Episode 9: Time and Dates

In the previous episode we covered how to count in general as well as how to count specific objects. Building upon those counting skills, we will now go over dates and time. It may be said that dates and time use counters as well but dates and time do not use nearly as many counters as were featured in the previous episode. That is why I think that once you learn how to count up to 59, learning how to say dates and time in Japanese is fairly easy, however there are a few sticky points. For saying the year, one must be able to count up to the number that the current year is but we’ll get to that in moment. Once we go over these counters, you should have the basics down to use simple sentences related to dates and time, such as asking what time it is and stating your age or birthday.

Episode Topics:
Time: ji (hour), fun (minutes), byou (seconds)
Dates: gatsu (month), nichi (day), days of the week, Western years, Japanese Imperial eras
Counting dates and times: kagetsu (months), shuu (weeks), nichi (day)
bonus: previous/current/next (yesterday/today/tomorrow), seasons

Kaa-chan Corner:
The return of Kaa-chan Corner! Since my mom just returned from Japan for a funeral, today’s topic on Kaa-chan Corner is: Japanese funerals. I just wanted to remind everyone that my mom is from Okinawa so the culture is a bit different from mainland Japan.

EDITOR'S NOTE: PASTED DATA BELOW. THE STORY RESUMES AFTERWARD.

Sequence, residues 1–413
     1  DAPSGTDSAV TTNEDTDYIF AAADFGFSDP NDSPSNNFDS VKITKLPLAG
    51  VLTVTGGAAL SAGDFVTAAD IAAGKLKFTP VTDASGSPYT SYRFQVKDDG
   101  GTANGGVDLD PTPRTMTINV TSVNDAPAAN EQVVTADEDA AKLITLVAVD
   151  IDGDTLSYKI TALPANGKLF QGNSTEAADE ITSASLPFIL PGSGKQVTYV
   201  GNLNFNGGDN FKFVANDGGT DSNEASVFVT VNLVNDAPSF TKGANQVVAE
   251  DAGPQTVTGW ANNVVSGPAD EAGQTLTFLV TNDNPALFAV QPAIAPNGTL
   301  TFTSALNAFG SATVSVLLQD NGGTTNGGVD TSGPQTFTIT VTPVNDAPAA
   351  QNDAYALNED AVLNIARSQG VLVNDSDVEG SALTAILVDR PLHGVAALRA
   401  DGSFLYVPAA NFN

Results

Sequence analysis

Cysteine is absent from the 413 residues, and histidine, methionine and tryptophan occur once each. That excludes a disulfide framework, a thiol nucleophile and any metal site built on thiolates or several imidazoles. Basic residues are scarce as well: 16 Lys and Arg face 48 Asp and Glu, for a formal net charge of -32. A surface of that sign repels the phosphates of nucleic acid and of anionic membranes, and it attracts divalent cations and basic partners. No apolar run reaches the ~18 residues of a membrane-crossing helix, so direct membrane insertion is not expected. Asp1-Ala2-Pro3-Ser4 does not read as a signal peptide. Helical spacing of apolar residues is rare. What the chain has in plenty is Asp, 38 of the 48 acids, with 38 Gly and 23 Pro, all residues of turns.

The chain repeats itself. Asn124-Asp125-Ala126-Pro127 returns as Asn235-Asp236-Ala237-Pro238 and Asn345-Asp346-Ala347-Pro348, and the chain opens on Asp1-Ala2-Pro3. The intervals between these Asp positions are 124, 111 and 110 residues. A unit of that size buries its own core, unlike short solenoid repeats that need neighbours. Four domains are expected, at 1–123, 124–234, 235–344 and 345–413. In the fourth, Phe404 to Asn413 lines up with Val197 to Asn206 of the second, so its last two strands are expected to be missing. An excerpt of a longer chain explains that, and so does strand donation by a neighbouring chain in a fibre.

Vocabulary List:
butsudan – Buddhist altar. 仏壇 [ぶつだん]
chikai shinseki – close relatives. 近い親戚 [ちかいしんせき]
junjyo – order. 順序 [じゅんじょ]
kotsu tsubo – urn. 骨壺 [こつつぼ]
mago – grandchildren. 孫 [まご]
moshu – the family member in charge of organizing the funeral. 喪主 [もしゅ]
nachizu – Nazis. ナチズ
obousan – monk. お坊さん [おぼうさん]
ohaka – tomb. お墓 [おはか]
okama – chamber for cremations. お罐 [おかま]
okan – coffin, casket. お管 [おかん]
senkou – incense sticks. 線香 [せんこう]
shibaraku – for a little while. 暫く [しばらく]
shonanuka – the first seven days after someone’s death. 初七日 [しょなぬか]
soushiki – funeral. 葬式 [そうしき]
toi shinseki – distant relatives. 問い親戚 [といしんせき]
umeru – bury. 埋める [うめる]
yoisho, yoisho – what Japanese say when they are exerting physical
effort, kind of like “heave-ho”. よいしょ よいしょ

Further Reading:
Japanese calendar entry at Wikipedia
The Japanese Calendar
Japanese era name entry at Wikipedia
Japanese Year Converter
NengoCalc (Japanese year converter application)
Basic Japanese words and numbers
Japanese funeral entry at Wikipedia
Japanese Buddhist Funeral Customs
Sushilog blog entry on the Chronicles of a Japanese Funeral
Wikipedia Japan entry on 火葬場 (crematory, has a few pictures)

Episode transcript PDF (Japanese portion includes furigana) (interview not transcribed)

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Episode 9 – Time and Dates

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